Tackle Advice

Our ghillies are an excellent source of advice and we are also very well served by local tackle shops.

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Rods

The most commonly used on the river are double-handed fly rods. Rod lengths have gotten shorter in recent years and while the 15' rod remains the workhorse, particularly in spring, many anglers prefer to fish shorter rods early in the season. It is a matter of preference.
Once we get into to the warmer months, rods in the 12'-14'range are most common. In low water some anglers prefer the smaller switch style rods which are around 11'. Stepping down a size from that anglers often enjoy sport with sea trout and grilse with single handed fly rods of 9'-11' in length rated for a 7-8 weight fly lines.

Reels and Lines

Large arbour type reels are popular. These should be loaded with at least 150 metres of backing line.
There is a tremendous, almost bewildering choice of fly lines on the market. The most common ones seen on the Dee are short belly speylines - around 55'; shooting heads of varying lengths and skagits for fishing deep with big flies.

To keep things simple a floating line with a variety of tips and an intermediate line will cover most eventualities. More experienced anglers will fine tune their set ups to their own specifications.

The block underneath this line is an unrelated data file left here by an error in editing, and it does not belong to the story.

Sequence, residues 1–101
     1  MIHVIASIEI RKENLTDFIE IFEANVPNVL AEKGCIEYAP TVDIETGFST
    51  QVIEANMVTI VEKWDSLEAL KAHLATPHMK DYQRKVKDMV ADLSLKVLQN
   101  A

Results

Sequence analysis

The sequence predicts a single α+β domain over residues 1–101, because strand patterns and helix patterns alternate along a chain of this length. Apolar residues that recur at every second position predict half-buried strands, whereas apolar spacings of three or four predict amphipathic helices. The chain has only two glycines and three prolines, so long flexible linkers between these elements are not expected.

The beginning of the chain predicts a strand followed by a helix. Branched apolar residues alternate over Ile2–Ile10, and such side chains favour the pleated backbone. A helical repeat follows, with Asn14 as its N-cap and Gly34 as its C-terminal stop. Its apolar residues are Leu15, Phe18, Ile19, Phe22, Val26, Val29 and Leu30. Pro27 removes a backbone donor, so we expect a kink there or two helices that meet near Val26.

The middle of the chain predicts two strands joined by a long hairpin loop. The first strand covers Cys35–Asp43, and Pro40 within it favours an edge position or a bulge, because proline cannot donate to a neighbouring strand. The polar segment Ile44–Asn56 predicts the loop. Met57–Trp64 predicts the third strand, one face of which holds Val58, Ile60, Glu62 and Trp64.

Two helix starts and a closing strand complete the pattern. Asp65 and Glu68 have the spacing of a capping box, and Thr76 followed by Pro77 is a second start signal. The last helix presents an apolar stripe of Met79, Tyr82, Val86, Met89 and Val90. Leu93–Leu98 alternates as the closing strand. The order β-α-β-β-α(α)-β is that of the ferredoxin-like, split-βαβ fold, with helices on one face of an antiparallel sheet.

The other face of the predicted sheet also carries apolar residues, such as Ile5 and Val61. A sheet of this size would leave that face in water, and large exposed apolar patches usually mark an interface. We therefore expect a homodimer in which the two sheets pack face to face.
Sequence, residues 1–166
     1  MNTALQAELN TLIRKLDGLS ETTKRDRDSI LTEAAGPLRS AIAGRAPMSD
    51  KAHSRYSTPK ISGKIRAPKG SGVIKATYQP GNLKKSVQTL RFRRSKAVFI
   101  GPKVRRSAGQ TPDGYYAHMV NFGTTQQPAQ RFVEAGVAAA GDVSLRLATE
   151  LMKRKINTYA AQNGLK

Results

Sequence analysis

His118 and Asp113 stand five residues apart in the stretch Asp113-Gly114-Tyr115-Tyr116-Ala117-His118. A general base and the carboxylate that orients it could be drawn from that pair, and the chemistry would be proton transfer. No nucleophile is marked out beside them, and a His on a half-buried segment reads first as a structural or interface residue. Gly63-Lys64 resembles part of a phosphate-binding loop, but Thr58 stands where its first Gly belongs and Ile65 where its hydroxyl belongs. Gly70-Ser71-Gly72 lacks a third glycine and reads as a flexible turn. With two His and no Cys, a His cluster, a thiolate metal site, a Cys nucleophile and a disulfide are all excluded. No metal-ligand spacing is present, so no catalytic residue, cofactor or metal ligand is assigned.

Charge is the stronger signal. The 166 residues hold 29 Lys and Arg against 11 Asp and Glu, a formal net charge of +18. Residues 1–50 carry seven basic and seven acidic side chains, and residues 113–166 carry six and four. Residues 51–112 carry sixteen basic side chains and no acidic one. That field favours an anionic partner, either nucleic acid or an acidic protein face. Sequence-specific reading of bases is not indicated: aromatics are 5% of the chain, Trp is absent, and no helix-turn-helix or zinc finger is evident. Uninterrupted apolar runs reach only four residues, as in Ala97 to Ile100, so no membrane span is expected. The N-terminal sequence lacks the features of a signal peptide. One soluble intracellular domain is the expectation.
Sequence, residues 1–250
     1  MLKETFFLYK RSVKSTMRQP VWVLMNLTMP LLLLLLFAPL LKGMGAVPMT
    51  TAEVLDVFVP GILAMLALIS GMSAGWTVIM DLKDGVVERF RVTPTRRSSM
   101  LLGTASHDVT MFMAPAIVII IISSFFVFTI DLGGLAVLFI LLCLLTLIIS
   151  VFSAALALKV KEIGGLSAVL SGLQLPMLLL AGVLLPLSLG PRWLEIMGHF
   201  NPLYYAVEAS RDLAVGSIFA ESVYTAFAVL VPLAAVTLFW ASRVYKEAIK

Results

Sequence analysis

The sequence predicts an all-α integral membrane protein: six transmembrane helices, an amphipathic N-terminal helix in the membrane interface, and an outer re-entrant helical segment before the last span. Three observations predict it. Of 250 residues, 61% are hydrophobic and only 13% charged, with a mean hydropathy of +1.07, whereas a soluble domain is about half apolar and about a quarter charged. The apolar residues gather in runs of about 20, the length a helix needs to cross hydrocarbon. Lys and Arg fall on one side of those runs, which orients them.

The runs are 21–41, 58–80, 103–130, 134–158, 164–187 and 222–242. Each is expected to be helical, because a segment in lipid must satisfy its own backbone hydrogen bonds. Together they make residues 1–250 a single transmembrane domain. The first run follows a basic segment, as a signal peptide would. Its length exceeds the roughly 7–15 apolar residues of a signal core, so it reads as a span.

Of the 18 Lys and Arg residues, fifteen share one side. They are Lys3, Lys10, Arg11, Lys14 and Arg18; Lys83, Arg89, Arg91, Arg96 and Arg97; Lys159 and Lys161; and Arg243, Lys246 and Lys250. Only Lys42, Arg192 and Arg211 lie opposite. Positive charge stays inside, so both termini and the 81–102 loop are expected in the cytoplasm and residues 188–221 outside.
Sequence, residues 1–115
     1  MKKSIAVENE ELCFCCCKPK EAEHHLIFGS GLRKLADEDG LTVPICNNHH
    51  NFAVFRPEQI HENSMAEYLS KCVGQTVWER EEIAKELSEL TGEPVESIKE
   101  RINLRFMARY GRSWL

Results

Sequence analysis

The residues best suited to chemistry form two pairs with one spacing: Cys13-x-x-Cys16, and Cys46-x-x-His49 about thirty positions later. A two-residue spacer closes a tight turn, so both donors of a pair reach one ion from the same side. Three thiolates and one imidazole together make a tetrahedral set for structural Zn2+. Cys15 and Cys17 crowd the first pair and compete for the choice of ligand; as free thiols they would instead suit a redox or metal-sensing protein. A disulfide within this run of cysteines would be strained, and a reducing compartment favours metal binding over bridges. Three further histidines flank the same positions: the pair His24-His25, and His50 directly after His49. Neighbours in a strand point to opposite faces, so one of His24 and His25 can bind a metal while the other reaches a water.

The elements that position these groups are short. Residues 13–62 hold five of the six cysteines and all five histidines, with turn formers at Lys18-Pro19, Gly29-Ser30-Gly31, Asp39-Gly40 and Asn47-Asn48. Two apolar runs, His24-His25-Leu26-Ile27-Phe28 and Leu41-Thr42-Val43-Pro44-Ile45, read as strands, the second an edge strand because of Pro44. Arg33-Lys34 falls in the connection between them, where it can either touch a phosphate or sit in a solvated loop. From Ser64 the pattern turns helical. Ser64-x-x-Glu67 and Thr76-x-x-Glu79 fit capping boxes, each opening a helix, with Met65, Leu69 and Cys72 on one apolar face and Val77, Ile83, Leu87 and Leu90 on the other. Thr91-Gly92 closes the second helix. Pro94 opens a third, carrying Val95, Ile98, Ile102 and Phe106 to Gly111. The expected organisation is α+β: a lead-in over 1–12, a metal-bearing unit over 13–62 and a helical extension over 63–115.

If you have any queries about what to bring, please get in touch with Ross Macdonald ross@riverdee.org

Our ghillies are an excellent source of advice and we are also very well served by tackle Shops.

Flies

The Dee has produced many famous flies over the years and names such as the Mar Lodge and Blue Charm are etched into the history of the river. In more recent times modern flies such as the Stoat’s Tail, Dee Monkey, Park Shrimp and Franc N Snaelda have also emerged from the Dee and have gone onto enjoy success throughout the salmon fishing world. 

DID YOU KNOW? The Stoat’s Tail, one of the most famous salmon fly patterns in the world, was created by Park ghillie, the late George Cooper.

While everyone has their own favourites, we have listed a small selection of flies for the Dee on this page.

Crathie Fly